With food technology training, aspiring professionals in the field gain a hands-on approach to safety and quality, and the skills to implement quality assurance and regulatory principles. As food creation is grounded in scientific processes, some of this relies on the principles of chemistry.
One process that food technology professionals should understand is emulsification. This is the process of creating an emulsion, the result of what forms when two or more immiscible liquid substances are mixed together.
An emulsion is a type of colloid, but not all colloids are emulsions. A colloid can refer to a mixture of any phases of matter, whereas an emulsion refers specifically to liquid substances. Read on to learn three facts about emulsions and the process of emulsification.
Emulsions are Formed Through Various Processes
The combination of two liquids into one solution may seem straightforward. In reality, there are several variables involved, and two liquids can come together to form an emulsion in a few different ways. For example, oil in water can form an oil-in-water emulsion. It can also come together to form a water-in-oil emulsion, or even an oil-in-water-in-oil emulsion.
Additionally, there are several different routes the process of emulsification can take.
- The interfacial tension (the force of attraction between the molecules of two fluids) can be reduced
- A film can be formed over one phase in a mixture to create evenly dispersed globules
- The viscosity of the medium can be increased, making it easier for the globules to remain suspended
Emulsions Aren’t a Total Solution for Professionals With Food Technology Training
Whichever route is taken to create an emulsion, most of them are unstable and will not mix on their own. Shake a bottle of oil and water vigorously, and for a moment the liquids will appear blended before settling back into their separation.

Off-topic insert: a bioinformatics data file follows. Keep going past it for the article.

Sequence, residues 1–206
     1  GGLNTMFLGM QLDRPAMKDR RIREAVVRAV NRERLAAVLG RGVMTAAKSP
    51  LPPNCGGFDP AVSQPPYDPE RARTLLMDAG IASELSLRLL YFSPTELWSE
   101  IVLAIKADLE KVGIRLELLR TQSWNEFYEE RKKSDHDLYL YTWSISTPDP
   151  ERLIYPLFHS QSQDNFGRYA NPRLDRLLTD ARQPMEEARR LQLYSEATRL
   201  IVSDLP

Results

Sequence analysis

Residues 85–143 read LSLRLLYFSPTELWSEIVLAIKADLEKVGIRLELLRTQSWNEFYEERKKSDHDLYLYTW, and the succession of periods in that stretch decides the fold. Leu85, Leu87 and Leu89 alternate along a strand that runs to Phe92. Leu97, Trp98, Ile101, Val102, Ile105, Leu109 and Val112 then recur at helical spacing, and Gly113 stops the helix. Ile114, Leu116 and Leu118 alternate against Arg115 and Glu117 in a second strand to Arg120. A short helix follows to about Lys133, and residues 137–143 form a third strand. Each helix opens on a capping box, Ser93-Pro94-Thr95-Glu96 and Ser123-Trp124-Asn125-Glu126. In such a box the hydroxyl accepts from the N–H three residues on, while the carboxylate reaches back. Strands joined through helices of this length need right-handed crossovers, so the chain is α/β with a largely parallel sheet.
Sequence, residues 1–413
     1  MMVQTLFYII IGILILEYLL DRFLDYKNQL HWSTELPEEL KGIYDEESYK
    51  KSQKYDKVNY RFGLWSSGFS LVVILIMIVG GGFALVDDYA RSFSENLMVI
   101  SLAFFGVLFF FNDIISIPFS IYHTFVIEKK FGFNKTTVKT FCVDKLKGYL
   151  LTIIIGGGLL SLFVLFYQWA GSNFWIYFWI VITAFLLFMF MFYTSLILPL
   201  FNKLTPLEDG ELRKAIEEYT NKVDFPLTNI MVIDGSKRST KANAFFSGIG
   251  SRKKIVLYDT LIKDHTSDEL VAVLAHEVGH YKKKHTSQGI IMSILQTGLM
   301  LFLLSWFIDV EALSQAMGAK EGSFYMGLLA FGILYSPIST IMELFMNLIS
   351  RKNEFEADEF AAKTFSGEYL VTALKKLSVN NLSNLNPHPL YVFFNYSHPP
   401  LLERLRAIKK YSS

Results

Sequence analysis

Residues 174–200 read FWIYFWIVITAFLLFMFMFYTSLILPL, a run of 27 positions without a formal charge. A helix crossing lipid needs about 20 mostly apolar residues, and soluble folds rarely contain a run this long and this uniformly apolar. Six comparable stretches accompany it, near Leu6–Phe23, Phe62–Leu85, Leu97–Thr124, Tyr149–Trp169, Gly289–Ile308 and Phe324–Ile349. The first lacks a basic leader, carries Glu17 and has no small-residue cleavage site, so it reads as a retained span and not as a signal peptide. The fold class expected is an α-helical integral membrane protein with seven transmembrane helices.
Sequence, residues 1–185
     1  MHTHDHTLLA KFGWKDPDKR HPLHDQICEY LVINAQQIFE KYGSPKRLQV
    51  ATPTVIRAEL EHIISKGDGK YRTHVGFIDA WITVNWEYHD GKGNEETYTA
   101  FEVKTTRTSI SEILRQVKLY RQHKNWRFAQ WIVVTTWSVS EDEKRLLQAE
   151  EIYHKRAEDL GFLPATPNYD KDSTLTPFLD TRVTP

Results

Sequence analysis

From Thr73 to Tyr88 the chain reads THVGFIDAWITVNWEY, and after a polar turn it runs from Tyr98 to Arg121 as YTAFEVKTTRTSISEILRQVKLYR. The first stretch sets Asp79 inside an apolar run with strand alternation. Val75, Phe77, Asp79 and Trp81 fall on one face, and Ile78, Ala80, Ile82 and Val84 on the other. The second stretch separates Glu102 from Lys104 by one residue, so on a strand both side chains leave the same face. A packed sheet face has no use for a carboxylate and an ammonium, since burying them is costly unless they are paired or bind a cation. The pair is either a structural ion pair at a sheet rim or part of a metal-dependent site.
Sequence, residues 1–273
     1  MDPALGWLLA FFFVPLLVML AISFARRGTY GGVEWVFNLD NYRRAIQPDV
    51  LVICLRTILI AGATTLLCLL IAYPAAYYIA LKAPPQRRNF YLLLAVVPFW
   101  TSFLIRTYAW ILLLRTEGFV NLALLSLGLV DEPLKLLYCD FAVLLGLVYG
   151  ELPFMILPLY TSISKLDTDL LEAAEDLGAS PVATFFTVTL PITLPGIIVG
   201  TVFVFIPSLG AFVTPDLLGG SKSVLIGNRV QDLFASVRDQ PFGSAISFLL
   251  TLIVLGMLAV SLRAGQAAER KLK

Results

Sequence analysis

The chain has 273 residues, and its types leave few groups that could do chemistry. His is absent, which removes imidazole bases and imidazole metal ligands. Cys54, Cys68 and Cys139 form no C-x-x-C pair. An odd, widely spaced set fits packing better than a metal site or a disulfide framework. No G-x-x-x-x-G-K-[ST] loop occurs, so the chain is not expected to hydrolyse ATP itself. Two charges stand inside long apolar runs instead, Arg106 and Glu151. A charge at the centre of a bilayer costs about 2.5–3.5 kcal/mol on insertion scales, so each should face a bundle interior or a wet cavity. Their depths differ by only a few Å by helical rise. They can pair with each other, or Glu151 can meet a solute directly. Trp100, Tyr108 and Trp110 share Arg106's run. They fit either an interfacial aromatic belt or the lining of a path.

This temporary suspension of immiscible (not forming a homogeneous mixture together) liquids is referred to as colloidal suspension. To increase the length of time that liquids are mixed together, an emulsifier is added to the mixture.
An emulsifier, also referred to as an emulgent, is a substance that confers long-term kinetic stability to a mixture. Unfortunately, emulsions are inherently unstable, no matter how much stability is granted. Over time, they will always eventually separate. What interests students in food technology training is figuring how to confer kinetic stability for as long as possible.
Some examples of common emulsifiers in food are:
- Egg yolks
- Garlic paste
Emulsions are More Commonly Encountered Than One Might Think
Though an analysis of the process of emulsification relies on chemical principles, emulsions are relatively common in kitchens. Even without a food technology diploma, many people will have created an emulsion themselves.
Common examples of emulsions are:
In addition to conferring kinetic stability by necessity, emulsifiers are sometimes used to improve the quality or longevity of food products. Some common applications of emulsifiers are:
- In bread, emulsifiers are added to the dough to achieve larger volume, softer crumbs, and a longer shelf-life
- In chocolate, emulsifiers are added to improve consistency, so that products can be moulded into shapes and forms
- In ice cream, emulsifiers are added during the freezing process to create a smoother texture and improve the freeze-thaw stability
Do you want to enrol in food technology courses?
Contact the Academy of Applied Pharmaceutical Sciences for more information!